Buyers who are already parents, (or hope to one day soon be parents) usually know which kid-friendly characteristics are most important to them in a home … but do you know all the things you should check?
Room for a nursery or kids rooms? Check.
Good school district? Check.
It’s pretty common that once we’ve moved into a home we notice things about the home we didn’t previously. Some of these things are easily remedied and overlooked, some…not so much. So as a parent myself and after representing many parent homebuyers, here is a list of features that should be added to your checklist!
1. Floor Plan
Many home buyers initially try to size up a room according to the furniture that will be in it. Is the nursery big enough for the crib, changing table, rocker and more? Will the kid’s room be big enough for a bed, bookcase, dresser, toy box, desk?
Don’t forget to consider bedroom placement. Is the nursery upstairs? Are the kid’s rooms next to the master bedroom?
I can honestly say the first house I bought was on a rather busy street, down the road from a hospital. My daughter was young at the time and we had a fenced backyard, but the constant traffic and concern anytime she was in the front yard was definitely there.
One thing I can tell you I did overlook… sidewalks. They offer an extra layer of protection, since they’re a buffer between cars and kids at play, and are crucial during the stroller/trike/wagon phase. Sidewalks also encourage family walks and the occasional lemonade stand!
3. Open Floor Plan
While lofts and bonus rooms are nice for corralling rambunctious kids and for teenage gathering space, they’re not so great for those always-need-an-eye-on-them toddlers. There was a time when boxy floor plans were popular. Every room had its distinct space and area – that’s not typically the want now. Most buyers, parents or not, want an open floor plan. After all, it’s much easier to watch and referee kids when you can see them!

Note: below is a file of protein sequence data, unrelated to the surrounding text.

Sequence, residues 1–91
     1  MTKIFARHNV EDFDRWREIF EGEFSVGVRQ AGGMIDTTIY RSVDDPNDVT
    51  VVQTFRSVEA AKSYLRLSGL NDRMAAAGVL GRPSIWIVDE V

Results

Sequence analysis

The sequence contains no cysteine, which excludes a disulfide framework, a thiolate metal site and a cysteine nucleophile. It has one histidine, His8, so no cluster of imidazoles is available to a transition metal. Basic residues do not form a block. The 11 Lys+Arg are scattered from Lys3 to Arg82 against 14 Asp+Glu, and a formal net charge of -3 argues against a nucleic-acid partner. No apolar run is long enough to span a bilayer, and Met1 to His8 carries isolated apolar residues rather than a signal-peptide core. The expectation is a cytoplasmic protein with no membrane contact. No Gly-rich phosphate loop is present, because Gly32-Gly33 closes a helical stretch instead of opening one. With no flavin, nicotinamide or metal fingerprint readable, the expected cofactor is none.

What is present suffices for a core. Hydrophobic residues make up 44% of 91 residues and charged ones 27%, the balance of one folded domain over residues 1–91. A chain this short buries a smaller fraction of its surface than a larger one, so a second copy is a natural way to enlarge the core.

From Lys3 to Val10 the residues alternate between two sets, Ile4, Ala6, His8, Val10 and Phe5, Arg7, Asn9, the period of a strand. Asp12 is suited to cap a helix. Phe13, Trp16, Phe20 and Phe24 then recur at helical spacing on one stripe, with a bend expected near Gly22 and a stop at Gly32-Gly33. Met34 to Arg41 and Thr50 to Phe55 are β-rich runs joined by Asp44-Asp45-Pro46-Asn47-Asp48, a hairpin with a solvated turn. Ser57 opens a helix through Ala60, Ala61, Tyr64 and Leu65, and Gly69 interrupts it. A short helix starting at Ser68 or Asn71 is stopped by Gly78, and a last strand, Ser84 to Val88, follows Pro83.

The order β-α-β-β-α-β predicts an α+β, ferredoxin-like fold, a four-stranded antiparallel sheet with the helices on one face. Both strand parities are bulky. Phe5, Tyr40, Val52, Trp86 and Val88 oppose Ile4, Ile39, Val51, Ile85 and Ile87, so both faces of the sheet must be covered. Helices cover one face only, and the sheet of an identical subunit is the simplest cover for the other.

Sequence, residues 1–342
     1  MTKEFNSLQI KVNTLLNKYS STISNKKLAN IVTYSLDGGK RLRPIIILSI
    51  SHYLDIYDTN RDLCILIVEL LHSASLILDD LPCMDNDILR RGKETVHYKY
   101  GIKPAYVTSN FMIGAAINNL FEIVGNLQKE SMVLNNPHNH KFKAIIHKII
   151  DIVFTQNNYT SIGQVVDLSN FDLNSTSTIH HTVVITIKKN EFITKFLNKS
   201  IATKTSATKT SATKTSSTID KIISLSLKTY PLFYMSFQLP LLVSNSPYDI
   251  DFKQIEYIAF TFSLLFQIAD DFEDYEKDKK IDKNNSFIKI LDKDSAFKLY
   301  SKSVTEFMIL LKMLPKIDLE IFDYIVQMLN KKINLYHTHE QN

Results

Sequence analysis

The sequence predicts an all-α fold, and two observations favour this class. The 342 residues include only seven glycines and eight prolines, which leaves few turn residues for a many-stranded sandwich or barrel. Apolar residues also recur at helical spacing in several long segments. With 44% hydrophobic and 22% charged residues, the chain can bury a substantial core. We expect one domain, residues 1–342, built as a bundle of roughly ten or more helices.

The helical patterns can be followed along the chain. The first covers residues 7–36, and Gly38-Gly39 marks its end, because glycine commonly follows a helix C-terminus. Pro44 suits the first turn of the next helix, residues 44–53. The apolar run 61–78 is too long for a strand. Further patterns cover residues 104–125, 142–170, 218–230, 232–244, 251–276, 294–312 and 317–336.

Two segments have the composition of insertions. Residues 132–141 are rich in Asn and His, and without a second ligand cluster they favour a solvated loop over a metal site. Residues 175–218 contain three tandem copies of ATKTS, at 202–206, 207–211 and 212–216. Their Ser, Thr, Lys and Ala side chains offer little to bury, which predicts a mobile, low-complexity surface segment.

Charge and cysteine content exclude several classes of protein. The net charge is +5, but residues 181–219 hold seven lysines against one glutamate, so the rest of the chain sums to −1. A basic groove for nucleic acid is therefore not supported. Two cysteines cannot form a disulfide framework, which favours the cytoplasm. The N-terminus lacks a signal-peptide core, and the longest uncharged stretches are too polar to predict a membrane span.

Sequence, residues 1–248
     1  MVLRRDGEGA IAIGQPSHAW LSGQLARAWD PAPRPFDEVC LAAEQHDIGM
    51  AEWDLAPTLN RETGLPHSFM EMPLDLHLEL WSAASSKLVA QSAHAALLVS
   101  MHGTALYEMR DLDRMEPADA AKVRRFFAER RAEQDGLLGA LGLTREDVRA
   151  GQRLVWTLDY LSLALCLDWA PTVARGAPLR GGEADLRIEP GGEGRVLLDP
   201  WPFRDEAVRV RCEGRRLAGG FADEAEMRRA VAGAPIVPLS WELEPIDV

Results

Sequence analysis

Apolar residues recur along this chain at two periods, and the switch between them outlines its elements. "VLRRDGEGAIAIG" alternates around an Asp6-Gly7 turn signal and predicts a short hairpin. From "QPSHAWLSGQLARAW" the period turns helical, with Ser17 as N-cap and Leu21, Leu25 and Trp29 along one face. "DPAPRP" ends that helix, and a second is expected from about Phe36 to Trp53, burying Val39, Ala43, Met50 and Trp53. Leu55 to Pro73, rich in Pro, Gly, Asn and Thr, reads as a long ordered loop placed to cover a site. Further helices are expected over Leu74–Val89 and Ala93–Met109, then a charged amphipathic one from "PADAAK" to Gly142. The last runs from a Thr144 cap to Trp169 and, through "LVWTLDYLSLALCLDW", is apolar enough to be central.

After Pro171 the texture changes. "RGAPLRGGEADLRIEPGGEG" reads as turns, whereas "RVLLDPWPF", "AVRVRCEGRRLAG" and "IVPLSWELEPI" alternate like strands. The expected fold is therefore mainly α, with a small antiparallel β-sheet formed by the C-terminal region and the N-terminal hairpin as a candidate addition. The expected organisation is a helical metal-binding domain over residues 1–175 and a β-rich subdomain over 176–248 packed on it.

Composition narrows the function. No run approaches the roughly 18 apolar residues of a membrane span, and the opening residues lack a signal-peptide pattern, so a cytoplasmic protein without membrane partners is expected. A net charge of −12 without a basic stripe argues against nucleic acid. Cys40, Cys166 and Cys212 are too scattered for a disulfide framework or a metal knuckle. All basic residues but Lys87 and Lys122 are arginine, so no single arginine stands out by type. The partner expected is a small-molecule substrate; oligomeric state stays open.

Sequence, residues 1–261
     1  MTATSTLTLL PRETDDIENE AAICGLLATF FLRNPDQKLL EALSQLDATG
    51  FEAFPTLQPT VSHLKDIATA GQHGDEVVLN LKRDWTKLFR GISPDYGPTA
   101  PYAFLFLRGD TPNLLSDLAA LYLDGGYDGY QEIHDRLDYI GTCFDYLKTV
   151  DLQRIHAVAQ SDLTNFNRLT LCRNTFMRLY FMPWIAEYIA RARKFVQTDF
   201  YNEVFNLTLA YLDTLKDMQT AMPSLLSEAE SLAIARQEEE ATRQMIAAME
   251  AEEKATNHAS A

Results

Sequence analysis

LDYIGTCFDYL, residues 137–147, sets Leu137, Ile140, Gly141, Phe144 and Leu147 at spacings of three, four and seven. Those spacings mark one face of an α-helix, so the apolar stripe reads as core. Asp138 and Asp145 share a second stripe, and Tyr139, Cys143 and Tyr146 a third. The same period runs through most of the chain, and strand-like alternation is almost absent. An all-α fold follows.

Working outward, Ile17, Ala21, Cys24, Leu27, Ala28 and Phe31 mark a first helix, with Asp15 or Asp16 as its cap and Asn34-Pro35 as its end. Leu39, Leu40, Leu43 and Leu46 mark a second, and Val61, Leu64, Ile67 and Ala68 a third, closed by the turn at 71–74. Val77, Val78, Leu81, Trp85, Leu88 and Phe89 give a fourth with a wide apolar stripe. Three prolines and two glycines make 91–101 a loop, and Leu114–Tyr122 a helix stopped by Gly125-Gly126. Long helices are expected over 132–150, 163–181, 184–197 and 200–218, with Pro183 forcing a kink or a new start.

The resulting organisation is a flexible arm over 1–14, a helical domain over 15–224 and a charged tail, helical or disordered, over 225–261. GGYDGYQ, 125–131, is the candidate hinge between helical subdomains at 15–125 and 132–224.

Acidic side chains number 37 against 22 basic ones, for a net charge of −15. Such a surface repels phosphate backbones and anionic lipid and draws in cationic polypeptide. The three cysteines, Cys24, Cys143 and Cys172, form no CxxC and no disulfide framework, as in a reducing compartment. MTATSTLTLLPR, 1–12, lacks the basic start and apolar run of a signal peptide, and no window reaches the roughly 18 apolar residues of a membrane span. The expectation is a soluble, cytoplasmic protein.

4. Backyard Visibility
All parents know the importance of having a yard, especially a fenced yard. Unless you plan to spend your day going in and out with them, you will want to make sure you can see the backyard from inside. Which rooms overlook the backyard? Are they rooms you’ll be in often? Having the ability to see them playing in the backyard while you’re inside will make having a backyard even better!
5. Hill-Less Yard
You may be surprised how just a slight incline may greatly impact your kids sporting abilities, especially when they’re just starting out. How’s the backyard? The front? Driveway? Are they flat? Are you on a hill? You’d be amazed at how many baseballs you’ll lose with even the gentlest of slopes. Imagine trying to learn to ride a bike or skateboard in these conditions? While it may make for some good fail videos, your kids will probably be grateful for you thinking ahead on this one.
6. Amenities Proximity
Are there neighborhood amenities? Parks, playgrounds, pools or things like that? Are they a walkable distance? What else in the area may be within a walking distance? Coffee or shopping that you can get to without having to completely load up the car? Though they may not be a necessity now, they could make a huge difference later.
It would not be ideal to find out after you’ve moved in that your neighbor is president of a local motorcycle group, that meet at their neighbor’s place Sunday mornings at 7:30am. Or that your other neighbor doesn’t like children or dogs. Scope out the neighborhood, visit a few times and if you see your prospective neighbors outside, talk to them! They’re usually more than happy to tell you all about the neighborhood and who lives where.